In today’s Journal
* Quote of the Day
* Topic: Let’s Get It Right
* In other news
* Of Interest
* The Numbers
IMPORTANT: See “The Return of Boss Kickstarter” at https://www.deanwesleysmith.com/the-return-of-boss-kickstarter/. Dean and Kris are offering some astounding stretch goals, many of which you can receive for a paltry $5 donation. You can check it out and donate if you want to at http://kck.st/3jRjlBP.
Quote of the Day
“If you make [the details] right for the people who know, then the other people will get a lot more out of it.” Sam Eliot on the authenticity of weapons and clothing in the film, Tombstone
Topic: Let’s Get It Right
I’ve tried to explain the concept in today’s Quote of the Day to writers for years, and I’ve never heard it explained more succinctly. Authenticity and specificity should matter to fiction writers. Period. Obviously, they mattered to those who wrote the script for Tombstone.
For example, that’s why I advocate always calling the mechanism that automatically feeds the cartridges into the action of a semiautomatic rifle or pistol a “magazine” instead of a “clip.”
It’s why Lee Lofland talks over and over about writers who write (wrongly) about combatants smelling the stench of cordite in a modern gunfight. Cordite hasn’t been used as bullet propellant for several decades.
It’s also why I advocate never representing a human body part as having human traits: a nose doesn’t smell; a human smells with her nose.
Likewise, eyes don’t see or “rake over” or peruse things. Ears don’t hear or listen. Fingers don’t feel surfaces, legs don’t race along the street, and fists don’t pump in the air or hit things.
In every case, THE CHARACTER is smelling scents or seeing sights or hearing sounds or feeling textures. And interesting events might catch a character’s attention but they don’t catch his eye. That would probably be devastating.
And no, “The reader will know what I mean” is not a valid excuse.
The last time I broached this topic, one writer took offense, commenting that maybe writers who are younger in the craft are not aware of these nuances. She was right. Writers who are younger in the craft might not be aware of these nuances, or might not have thought about them or realized them yet. The point is, writers who want to improve their craft can do so. Writers who care, learn.
We all have a choice: we either learn as we go or we stop learning and our craft becomes stagnant. And the instructional purpose of this blog is to help writers level-up, not to excuse the ignorance of certain craft elements.
The more authentically we write — that is, the more correct we are with the information we present in our stories — the more quickly we’ll be rewarded with a growing readership who trusts us to tell a good story and present factual information in our fiction.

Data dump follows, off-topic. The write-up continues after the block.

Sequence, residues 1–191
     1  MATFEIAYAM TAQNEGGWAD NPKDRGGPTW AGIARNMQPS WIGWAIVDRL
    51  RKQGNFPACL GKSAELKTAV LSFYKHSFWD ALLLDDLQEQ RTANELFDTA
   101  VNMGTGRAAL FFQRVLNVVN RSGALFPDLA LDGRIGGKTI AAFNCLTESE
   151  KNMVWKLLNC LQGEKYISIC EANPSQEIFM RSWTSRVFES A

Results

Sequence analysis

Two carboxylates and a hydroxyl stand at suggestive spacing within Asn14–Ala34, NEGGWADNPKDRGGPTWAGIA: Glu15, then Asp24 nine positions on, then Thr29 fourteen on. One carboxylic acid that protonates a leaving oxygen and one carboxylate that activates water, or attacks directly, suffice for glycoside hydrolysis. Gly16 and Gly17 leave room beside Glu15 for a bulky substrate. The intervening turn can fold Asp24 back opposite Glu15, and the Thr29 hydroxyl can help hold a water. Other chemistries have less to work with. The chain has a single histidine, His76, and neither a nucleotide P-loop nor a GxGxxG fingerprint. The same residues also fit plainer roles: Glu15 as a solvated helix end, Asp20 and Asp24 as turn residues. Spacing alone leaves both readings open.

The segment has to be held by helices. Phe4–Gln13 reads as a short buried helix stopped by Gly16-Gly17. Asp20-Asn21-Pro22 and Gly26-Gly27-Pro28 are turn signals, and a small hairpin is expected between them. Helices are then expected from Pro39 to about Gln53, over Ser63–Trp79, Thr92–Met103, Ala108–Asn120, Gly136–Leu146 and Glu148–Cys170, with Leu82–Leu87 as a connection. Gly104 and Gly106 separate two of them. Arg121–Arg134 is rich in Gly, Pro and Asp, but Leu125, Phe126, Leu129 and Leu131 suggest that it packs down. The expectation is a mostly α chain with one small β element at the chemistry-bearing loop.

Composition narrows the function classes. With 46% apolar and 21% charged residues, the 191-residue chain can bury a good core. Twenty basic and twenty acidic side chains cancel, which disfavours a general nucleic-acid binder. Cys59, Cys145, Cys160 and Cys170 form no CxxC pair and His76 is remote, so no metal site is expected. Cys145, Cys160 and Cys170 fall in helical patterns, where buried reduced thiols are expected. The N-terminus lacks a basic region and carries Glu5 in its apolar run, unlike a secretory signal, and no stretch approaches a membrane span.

Years ago, I was reading a novel about US Navy SEALS in which the author wrote that during the upcoming assault on an enemy compound, the team “would employ the proven technique of SNE: Silent Neutralization of the Enemy.”
That’s fine, except the author presented “SNE” as if it was an ipso-facto technique, something that was actively taught during mililtary training.
Only it isn’t. There is no formal “SNE.” There is only common sense. When attempting to breech perimeter security, it’s better if the guard you take out isn’t able to alert others to your presence. Is that really something that has to be taught formally? I don’t think so.
The same writer had the combatants firing their weapons until the “clip” was empty. The only combatant in the story who made use of a “magazine” loaded it into his “revolver.” Uh, no. A revolver does have a magazine of sorts, but it’s universally called a “cylinder.”
Yeah, I didn’t finish that novel.
I’m of the (old?) school that believes if something is worth doing, it’s worth doing right. In writing, that means being as authentic as possible in your representations.
In other news, first, thanks for all the well-wishes. I appreciate it more than you know. And I’ve started writing again. I’ll report fiction numbers the next time I post to this Journal.
Talk with you again when I can.
See “US Publishers, Authors, Booksellers Call Out Amazon’s ‘Concentrated Power’ in the Book Market” at https://www.thepassivevoice.com/us-publishers-authors-booksellers-call-out-amazons-concentrated-power-in-the-book-market/. Read this, especially all of PG’s take, especially the comparison at “Amazon is a Big Bully That Exploits the Peons” (scroll down).
See “Dream Making” at https://mystorydoctor.com/david-farland-writing-tip-dream-making/. Specifically for Dave Farland’s thoughts on the sources of ideas for stories.
Fiction words yesterday…………… XXXX
Nonfiction words today…………… 770 (Journal)
Writing of (novel)
Day 1…… XXXX words. Total words to date…… XXXXX
Total fiction words for the month……… XXXXX
Total fiction words for the year………… 309655
Total nonfiction words for the month… 2810
Total nonfiction words for the year…… 133970
Total words for the year (fiction and this blog)…… 443625
Calendar Year 2020 Novels to Date…………………… 5
Calendar Year 2020 Novellas to Date……………… X
Calendar Year 2020 Short Stories to Date… 12
Novels (since Oct 19, 2014)…………………………………… 50
Novellas (since Nov 1, 2015)………………………………… 8
Short stories (since Apr 15, 2014)………………… 208
Short story collections……………………………………………… 31